Innovation traverses many organisational landscapes and inspires those who work there to use creativity to shape current and future practice and curriculum development. We wanted to learn more about what curriculum innovation was happening in the early childhood education [ECE] sector in Aotearoa New Zealand, and what inspired it. This research project explored the role of self-belief, relationships and context in curriculum innovation. Research data were generated through two phases using a combination of qualitative and quantitative methodologies. In Phase One, 193 participants took part in an online quantitative survey. Participants were representative of a wide range of early learning services in New Zealand including kindergartens, education and care centres, Te Kōhanga reo (total immersion in Māori language and values), Rudolf Steiner and Montessori. Phase Two (still underway) involves a qualitative Multiple Case Study of 10 ECE centres with a geographical spread covering numerous North and South Island locations. Initial findings have provided some early discoveries in relation to self-belief, relationships and contexts. Teachers show a desire to challenge what they see as outdated practices and co-construct new innovative approaches to teaching in the early years. Innovation enriches relationships for families, learners and teachers. Although innovation is welcomed in teaching contexts and leadership teams are supportive, practical realities such as time and a lack of resources, make it difficult for teachers to be innovative. The complexity of innovation is shared through teachers’ voices as they highlight new narratives on how innovation looks for 21st century contemporary early years education practices.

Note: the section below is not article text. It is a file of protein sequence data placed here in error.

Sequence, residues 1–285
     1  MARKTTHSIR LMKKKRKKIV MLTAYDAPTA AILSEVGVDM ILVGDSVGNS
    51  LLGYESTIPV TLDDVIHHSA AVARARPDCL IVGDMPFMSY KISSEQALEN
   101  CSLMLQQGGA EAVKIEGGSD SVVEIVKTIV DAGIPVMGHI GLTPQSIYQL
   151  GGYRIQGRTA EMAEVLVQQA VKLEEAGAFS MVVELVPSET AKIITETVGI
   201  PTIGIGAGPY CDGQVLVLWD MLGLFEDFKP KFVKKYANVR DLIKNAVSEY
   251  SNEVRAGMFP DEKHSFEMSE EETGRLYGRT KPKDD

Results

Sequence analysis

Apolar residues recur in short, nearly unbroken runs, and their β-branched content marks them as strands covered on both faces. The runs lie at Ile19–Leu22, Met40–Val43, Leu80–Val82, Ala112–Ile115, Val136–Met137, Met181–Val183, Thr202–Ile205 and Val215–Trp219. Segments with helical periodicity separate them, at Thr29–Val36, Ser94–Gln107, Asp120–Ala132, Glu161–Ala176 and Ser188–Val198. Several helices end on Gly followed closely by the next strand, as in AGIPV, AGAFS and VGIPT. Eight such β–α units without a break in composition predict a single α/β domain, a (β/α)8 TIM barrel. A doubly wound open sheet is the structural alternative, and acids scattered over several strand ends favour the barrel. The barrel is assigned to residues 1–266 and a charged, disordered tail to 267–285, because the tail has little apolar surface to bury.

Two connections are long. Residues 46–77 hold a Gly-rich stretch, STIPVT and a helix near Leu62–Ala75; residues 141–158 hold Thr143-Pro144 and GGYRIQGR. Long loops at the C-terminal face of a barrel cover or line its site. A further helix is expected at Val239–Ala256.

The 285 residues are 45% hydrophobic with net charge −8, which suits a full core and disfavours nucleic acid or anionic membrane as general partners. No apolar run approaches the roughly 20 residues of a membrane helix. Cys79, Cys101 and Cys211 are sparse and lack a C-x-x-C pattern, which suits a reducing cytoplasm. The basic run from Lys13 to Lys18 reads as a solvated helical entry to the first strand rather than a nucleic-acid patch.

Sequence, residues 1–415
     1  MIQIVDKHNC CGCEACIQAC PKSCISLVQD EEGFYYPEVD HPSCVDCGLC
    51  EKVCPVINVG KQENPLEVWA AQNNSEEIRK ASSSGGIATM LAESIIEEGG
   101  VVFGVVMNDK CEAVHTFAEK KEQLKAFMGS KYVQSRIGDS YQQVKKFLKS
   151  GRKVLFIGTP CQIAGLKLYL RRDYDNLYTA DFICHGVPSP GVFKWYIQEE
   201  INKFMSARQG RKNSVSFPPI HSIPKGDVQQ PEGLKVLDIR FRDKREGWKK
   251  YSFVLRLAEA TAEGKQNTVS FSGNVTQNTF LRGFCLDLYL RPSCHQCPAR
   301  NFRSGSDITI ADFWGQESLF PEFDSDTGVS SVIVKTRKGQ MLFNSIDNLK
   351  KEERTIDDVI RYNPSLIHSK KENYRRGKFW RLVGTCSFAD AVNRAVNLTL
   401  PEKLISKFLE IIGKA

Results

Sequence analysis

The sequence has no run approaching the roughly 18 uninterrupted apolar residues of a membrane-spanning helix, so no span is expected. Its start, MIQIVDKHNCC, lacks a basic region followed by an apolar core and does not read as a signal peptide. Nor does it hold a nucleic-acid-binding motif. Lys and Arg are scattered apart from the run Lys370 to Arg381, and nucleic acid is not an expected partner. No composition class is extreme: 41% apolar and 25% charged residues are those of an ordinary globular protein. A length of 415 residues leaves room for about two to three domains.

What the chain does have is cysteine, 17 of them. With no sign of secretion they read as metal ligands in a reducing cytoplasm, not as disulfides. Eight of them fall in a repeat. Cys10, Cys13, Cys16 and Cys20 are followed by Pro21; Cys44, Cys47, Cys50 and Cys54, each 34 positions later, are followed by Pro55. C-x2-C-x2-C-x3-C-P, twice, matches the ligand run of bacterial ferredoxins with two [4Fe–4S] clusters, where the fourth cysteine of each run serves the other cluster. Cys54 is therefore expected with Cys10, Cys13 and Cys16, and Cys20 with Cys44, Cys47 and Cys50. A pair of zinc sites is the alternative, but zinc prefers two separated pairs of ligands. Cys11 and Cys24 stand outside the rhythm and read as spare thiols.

Joanne Alderson, Open Polytechnic of New Zealand, New Zealand
Fi McAlevey, Open Polytechnic of New Zealand, New Zealand
Muni Narayan, Open Polytechnic of New Zealand, New Zealand
Sarah Williams, Te Pukenga, New Zealand